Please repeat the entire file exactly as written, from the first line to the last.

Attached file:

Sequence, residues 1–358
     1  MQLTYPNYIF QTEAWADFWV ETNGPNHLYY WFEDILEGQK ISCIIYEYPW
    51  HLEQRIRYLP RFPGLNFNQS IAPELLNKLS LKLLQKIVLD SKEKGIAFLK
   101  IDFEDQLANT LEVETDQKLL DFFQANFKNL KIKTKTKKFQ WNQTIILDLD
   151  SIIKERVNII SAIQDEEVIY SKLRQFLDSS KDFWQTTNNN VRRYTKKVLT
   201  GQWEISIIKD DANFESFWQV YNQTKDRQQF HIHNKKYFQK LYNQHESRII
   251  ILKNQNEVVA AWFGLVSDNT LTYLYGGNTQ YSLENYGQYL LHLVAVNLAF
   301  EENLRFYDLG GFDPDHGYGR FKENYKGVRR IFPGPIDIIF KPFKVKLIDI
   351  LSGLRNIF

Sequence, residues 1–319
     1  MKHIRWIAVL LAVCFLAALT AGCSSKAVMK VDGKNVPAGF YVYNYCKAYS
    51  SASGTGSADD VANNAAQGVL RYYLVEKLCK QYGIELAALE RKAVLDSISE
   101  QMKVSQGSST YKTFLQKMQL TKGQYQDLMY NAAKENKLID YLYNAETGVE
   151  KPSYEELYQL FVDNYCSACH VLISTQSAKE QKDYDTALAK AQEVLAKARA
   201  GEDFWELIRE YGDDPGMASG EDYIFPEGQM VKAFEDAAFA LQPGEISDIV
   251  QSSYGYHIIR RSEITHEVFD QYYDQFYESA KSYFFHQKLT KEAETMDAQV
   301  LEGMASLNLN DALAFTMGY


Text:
Sequence, residues 1–358
     1  MQLTYPNYIF QTEAWADFWV ETNGPNHLYY WFEDILEGQK ISCIIYEYPW
    51  HLEQRIRYLP RFPGLNFNQS IAPELLNKLS LKLLQKIVLD SKEKGIAFLK
   101  IDFEDQLANT LEVETDQKLL DFFQANFKNL KIKTKTKKFQ WNQTIILDLD
   151  SIIKERVNII SAIQDEEVIY SKLRQFLDSS KDFWQTTNNN VRRYTKKVLT
   201  GQWEISIIKD DANFESFWQV YNQTKDRQQF HIHNKKYFQK LYNQHESRII
   251  ILKNQNEVVA AWFGLVSDNT LTYLYGGNTQ YSLENYGQYL LHLVAVNLAF
   301  EENLRFYDLG GFDPDHGYGR FKENYKGVRR IFPGPIDIIF KPFKVKLIDI
   351  LSGLRNIF

Sequence, residues 1–319
     1  MKHIRWIAVL LAVCFLAALT AGCSSKAVMK VDGKNVPAGF YVYNYCKAYS
    51  SASGTGSADD VANNAAQGVL RYYLVEKLCK QYGIELAALE RKAVLDSISE
   101  QMKVSQGSST YKTFLQKMQL TKGQYQDLMY NAAKENKLID YLYNAETGVE
   151  KPSYEELYQL FVDNYCSACH VLISTQSAKE QKDYDTALAK AQEVLAKARA
   201  GEDFWELIRE YGDDPGMASG EDYIFPEGQM VKAFEDAAFA LQPGEISDIV
   251  QSSYGYHIIR RSEITHEVFD QYYDQFYESA KSYFFHQKLT KEAETMDAQV
   301  LEGMASLNLN DALAFTMGY